- Buster Olney, Senior Writer, ESPN The Magazine
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The following is a transcript of Buster Olney's in-game analysis from Yankees-Red Sox Game 2 during SportsNation's The Show, which will be every night for postseason games. Click here for more details.
Hey, folks, checking in from Fenway Park; can't wait, after 48 hours off in this series. Couple of things to watch for early in the game -- Brown is a different kind of pitcher than Mussina or Lieber, who pitched precisely against the Red Sox in Games 1 and 2. Brown tends to throw hard-harder-hardest, and I wonder if he'll be able to exploit the weaknesses of the Red Sox hitters in the same way -- down and in to Damon, inside to Ramirez, down and away to Kevin Millar. Watch his velocity early, too; if he's 90-91, he could be vulnerable. In the past, Brown was 94-95 mph, along with that nasty movement. Before the game tonight, Yankees GM Brian Cashman said he had no idea what to expect out of Brown tonight. And as for Bronson Arroyo -- scouts say that a disciplined team, like the Yankees, should really lay off his off-speed stuff and force him to throw the ball over the plate, something he sometimes has problems doing. Should be an interesting matchup ...
Top: A scout I talked to today said that among all the great hitters, A-Rod guesses the most -- guesses the type of pitch, and the location, and in his at-bat, it was clear he was sitting breaking ball, on 2-0 and then on 3-2. Yankees up a run, Arroyo's already thrown 13 pitches after two batters. I am shocked they pitched to Matsui. The guy is killing them, they've got a righty to lefty matchup, Bernie on deck and a double-play possibility. Matsui is the hottest guy the Yankees have right now; absolutely nuts. ... The toll on Arroyo -- three runs, 31 pitches, 10 foul balls, just two batters swinging and missing, three throws to first.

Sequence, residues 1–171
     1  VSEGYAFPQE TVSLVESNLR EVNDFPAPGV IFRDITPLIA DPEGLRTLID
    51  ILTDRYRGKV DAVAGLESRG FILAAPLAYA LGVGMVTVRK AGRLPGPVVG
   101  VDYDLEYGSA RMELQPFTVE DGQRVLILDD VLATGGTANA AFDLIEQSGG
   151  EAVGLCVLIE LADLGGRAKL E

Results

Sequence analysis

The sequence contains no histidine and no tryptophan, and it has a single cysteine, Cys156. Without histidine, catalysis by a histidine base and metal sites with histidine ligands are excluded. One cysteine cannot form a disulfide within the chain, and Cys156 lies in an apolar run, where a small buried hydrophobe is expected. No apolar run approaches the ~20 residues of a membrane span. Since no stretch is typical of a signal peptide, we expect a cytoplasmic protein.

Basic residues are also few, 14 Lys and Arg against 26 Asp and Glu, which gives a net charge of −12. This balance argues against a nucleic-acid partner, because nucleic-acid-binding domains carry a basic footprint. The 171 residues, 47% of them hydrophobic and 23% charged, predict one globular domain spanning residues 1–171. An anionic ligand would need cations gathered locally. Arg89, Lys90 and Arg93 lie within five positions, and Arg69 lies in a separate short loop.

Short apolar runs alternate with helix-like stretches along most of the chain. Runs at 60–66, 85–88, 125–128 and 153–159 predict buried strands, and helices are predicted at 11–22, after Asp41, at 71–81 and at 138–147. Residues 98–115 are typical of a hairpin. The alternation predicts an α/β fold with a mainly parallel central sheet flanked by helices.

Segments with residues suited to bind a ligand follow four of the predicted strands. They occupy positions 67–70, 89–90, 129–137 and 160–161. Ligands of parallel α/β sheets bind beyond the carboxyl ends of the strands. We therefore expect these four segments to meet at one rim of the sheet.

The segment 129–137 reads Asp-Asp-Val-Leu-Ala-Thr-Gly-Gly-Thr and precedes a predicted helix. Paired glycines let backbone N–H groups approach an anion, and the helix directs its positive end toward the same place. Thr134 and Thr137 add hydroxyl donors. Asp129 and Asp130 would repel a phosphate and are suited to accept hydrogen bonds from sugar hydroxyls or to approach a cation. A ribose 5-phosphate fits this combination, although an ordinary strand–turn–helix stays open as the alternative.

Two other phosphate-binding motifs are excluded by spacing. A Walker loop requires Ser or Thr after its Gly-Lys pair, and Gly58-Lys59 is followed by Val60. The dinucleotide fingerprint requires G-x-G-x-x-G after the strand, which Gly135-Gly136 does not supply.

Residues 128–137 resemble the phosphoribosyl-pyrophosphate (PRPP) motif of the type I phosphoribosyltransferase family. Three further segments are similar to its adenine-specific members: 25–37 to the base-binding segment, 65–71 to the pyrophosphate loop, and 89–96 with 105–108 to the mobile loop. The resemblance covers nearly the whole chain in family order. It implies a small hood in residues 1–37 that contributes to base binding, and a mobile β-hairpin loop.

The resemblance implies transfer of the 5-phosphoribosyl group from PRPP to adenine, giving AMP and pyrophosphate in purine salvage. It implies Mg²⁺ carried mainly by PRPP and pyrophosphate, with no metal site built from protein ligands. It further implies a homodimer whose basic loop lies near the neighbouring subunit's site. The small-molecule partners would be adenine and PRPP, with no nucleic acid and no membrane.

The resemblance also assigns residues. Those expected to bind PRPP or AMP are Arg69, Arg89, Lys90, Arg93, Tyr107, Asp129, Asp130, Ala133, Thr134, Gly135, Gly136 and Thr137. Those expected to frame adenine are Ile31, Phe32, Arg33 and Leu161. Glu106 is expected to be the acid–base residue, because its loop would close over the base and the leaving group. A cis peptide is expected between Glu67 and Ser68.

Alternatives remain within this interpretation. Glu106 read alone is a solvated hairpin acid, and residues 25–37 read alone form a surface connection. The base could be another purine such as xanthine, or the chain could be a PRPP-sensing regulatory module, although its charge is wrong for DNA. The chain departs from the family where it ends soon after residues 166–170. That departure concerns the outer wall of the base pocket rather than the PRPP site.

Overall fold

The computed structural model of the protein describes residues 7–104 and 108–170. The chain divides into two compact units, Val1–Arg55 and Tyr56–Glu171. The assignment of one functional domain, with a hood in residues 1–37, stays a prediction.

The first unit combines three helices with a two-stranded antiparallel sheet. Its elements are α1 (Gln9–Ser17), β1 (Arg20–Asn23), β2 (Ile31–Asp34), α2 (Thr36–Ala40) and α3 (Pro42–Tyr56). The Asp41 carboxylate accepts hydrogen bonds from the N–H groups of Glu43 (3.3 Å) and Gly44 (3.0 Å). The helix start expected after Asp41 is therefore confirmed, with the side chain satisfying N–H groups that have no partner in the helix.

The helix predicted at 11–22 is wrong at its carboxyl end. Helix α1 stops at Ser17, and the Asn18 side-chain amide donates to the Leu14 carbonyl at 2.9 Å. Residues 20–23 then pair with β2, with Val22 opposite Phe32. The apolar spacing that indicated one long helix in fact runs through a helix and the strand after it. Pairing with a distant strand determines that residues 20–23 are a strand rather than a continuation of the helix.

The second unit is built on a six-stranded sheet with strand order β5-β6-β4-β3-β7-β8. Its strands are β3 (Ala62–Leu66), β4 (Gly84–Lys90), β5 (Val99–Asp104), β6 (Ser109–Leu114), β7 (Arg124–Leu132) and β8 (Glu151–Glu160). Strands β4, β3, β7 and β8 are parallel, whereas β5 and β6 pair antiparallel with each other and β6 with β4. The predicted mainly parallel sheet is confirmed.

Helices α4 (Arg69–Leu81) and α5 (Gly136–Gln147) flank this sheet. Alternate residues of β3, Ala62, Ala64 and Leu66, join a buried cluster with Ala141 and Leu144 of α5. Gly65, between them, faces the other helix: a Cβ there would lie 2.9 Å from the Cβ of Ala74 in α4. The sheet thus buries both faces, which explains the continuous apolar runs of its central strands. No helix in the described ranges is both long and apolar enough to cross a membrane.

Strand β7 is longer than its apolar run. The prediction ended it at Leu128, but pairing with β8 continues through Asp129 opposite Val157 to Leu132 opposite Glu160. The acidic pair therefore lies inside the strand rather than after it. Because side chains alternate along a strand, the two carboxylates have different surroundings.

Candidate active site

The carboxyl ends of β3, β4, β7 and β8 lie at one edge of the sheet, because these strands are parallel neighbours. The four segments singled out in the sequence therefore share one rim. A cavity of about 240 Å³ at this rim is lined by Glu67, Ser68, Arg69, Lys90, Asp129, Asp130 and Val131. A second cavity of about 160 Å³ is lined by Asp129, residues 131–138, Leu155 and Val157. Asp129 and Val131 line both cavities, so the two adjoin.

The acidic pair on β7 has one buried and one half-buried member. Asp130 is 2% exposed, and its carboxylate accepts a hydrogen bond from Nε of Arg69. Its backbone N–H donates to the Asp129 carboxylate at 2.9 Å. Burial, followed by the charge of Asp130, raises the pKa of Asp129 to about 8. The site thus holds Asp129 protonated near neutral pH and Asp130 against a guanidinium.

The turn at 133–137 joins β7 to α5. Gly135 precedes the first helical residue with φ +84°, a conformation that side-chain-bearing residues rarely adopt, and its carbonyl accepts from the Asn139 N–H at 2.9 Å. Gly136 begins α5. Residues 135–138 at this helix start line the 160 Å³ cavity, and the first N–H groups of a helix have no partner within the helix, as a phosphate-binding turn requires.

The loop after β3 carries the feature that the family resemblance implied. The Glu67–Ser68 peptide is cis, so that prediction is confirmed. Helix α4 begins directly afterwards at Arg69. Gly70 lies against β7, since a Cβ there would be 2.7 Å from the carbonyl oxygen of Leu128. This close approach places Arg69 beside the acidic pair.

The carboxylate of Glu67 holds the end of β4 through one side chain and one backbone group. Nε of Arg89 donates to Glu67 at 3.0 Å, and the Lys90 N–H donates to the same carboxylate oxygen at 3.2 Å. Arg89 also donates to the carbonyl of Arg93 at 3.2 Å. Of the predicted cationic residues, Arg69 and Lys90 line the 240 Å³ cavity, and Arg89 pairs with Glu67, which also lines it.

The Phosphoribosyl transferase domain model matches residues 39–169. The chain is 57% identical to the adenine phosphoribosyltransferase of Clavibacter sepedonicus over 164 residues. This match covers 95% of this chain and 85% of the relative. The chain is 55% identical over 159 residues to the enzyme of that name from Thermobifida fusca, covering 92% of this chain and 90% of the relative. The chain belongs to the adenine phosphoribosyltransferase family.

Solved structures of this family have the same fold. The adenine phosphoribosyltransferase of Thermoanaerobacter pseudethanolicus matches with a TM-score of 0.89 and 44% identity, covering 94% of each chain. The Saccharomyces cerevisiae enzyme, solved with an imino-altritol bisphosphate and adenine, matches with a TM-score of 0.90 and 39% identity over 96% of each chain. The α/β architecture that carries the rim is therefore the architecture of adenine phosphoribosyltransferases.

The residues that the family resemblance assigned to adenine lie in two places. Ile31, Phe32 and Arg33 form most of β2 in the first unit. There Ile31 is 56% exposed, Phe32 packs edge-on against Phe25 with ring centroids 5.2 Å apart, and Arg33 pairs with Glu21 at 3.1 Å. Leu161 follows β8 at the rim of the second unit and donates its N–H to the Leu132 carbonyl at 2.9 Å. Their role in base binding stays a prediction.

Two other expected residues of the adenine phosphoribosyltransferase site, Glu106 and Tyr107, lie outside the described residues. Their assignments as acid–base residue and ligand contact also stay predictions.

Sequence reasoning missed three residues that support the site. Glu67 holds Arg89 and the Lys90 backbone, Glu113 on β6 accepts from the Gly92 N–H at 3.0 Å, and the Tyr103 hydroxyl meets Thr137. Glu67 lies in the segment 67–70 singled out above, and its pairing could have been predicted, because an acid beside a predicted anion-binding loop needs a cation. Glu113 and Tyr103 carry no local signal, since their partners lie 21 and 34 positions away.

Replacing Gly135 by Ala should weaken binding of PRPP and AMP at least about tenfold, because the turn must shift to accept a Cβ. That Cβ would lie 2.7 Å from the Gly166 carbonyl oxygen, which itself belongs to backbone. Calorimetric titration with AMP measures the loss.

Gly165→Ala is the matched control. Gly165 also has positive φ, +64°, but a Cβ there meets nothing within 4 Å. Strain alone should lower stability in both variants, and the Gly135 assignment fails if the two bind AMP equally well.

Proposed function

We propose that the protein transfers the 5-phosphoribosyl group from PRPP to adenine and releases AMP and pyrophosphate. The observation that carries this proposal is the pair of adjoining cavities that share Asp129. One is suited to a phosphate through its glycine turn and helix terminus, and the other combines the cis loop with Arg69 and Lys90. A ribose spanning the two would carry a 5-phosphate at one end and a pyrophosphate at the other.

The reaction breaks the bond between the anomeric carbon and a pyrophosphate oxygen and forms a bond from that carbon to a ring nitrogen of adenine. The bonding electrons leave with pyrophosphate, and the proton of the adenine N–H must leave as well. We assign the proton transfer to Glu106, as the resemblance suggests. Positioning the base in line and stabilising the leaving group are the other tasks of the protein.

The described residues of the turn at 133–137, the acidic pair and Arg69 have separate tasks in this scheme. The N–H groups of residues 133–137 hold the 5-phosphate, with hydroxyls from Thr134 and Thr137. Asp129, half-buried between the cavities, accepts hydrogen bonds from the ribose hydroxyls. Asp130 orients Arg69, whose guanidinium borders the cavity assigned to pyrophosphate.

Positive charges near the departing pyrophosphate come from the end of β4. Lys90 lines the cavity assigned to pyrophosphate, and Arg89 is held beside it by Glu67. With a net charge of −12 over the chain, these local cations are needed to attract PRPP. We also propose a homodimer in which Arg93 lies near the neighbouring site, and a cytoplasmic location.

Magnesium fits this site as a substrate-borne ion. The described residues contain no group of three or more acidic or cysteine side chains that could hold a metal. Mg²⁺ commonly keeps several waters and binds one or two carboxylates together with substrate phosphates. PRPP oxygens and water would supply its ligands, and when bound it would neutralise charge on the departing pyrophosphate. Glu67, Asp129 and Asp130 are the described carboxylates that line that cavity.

Bottom: Right out of the gate, Brown had good movement on his sinker, running it back over the inside corner to get strike 2 on Bellhorn, getting that groundout from Damon. Above all else, Brown was not overthrowing with the first three hitters, with his delivery spinning quickly, his arm dragging and his fastball missing badly.
The inning ended with Manny getting thrown out at third, an incredibly dumb play for multiple reasons. A) The Red Sox are down three runs. B) It was the third out of the inning, with Jason Varitek coming to bat. C) Gary Sheffield has a good arm. Just when it looked like they were starting to put pressure on Brown -- wow, what a stupid play.
Top: A big inning for Arroyo, to shut out the Yankees after Ramirez's baserunning blunder. If the Yankees had scored there, it would have had the effect of a dagger. Pitch count is going to be a problem for Arroyo, however, especially with the Boston bullpen short-handed: He's thrown 44 pitches in two innings, and remember, Francona took him out after only 87 during the Division Series.